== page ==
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Hiroki R. Ueda takes science gold medal
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April 28, 2005Hiroki R. Ueda (Team Leader; Laboratory for Systems Biology) was named one of this year’s three winners of the Tokyo Techno Forum 21 gold medal. This is the eleventh year that the medals have been awarded to young scientists for breakthrough contributions to their fields. The prize was awarded at a ceremony in Tokyo earlier this month.

Hiroki R. Ueda, with 2005 Tokyo Techno
Forum 21 gold medal

Ueda was recognized for his work on deciphering the network of genetic activity underlying biological clocks. These natural time-keeping mechanisms set an internal rhythm within the body that follows a cycle with a period of approximately 24 hours. As a graduate student, Ueda studied circadian genes in the fruit fly Drosophila as well as the genetic regulation of the mammalian (mouse) biological clock.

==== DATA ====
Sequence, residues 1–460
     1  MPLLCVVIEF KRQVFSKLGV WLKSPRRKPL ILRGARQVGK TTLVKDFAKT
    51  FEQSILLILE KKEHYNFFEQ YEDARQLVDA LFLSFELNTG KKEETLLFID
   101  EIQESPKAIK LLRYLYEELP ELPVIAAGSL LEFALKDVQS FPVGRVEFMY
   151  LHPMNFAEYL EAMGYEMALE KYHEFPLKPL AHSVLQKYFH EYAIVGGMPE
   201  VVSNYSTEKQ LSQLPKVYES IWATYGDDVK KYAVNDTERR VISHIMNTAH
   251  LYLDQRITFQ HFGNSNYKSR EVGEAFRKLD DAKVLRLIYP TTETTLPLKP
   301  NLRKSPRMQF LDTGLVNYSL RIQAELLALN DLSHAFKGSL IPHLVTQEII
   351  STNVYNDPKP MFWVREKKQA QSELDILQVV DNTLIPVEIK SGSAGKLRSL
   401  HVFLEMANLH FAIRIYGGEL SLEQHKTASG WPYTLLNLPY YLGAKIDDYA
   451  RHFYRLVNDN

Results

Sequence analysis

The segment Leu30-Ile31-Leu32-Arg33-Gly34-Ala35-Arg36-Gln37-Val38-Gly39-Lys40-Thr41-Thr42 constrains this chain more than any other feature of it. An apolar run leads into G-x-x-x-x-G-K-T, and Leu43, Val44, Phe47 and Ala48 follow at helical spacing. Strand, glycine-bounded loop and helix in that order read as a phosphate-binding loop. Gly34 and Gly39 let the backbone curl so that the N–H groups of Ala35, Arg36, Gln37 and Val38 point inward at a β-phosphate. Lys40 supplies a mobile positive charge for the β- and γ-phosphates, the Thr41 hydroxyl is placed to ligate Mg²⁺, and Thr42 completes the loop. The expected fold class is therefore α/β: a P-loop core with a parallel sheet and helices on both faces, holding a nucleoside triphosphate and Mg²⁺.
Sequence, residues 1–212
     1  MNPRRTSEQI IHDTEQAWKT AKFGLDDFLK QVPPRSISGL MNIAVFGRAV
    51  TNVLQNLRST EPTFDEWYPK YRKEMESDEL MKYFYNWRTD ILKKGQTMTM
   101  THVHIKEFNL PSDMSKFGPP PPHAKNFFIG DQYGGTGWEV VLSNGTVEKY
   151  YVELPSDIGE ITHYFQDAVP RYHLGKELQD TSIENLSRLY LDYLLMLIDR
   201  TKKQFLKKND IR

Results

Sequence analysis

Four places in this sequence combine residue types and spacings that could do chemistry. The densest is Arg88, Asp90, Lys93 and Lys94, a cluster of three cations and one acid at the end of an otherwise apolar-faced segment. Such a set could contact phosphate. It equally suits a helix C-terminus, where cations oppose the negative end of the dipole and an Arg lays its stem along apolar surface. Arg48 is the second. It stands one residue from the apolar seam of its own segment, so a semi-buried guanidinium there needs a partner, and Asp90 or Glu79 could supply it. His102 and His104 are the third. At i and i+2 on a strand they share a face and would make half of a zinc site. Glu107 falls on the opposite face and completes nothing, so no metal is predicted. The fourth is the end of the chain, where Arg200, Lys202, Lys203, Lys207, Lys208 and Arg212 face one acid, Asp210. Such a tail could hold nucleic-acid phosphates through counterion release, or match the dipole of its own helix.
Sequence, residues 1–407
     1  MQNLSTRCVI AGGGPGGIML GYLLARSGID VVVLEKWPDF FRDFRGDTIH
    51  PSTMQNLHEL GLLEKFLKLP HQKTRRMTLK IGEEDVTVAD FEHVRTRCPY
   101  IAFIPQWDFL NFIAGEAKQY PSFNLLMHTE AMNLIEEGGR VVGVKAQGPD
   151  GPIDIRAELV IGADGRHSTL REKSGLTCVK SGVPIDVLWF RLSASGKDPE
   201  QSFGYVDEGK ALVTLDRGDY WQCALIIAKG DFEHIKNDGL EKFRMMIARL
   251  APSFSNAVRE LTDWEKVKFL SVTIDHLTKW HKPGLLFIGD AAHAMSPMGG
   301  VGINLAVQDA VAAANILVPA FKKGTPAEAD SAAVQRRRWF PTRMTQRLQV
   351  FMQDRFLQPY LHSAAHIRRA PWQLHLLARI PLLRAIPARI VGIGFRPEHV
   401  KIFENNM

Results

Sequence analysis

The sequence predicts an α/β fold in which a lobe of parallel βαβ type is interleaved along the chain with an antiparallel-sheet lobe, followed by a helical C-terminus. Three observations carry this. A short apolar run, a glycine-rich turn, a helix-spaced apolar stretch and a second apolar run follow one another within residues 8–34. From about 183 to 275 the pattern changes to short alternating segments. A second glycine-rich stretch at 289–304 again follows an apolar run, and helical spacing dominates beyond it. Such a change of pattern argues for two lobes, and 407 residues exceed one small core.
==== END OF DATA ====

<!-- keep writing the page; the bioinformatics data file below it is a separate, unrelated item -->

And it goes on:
At the CDB as well, Ueda’s work has focused on the network of mouse clock genes. A collaborative study conducted with colleagues at Yamanouchi Pharmaceutical and the University of Tokyo led to the development of a "molecular timetable" of body time based on the sampling of gene expression levels at specific time points. Other work published earlier in 2005 reported the identification of central players of a network of genes in the mouse that regulates daily biological rhythms.

Ueda’s application of a comprehensive systems biology approach to the study of circadian genetics promises to improve the way we understand timekeeping in the human body as well, and represents a major step toward the fulfillment of the longstanding dream of scientists and physicians: to put a face on the body's clock. It is hoped that studies such as these will one day allow doctors to tailor drug administration to a patient's individual body time, which would be of great benefit in optimizing efficacy and reducing adverse effects.

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Douglas Sipp : sipp@cdb.riken.jp
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RIKEN CDB, Office for Science Communications and International Affairs

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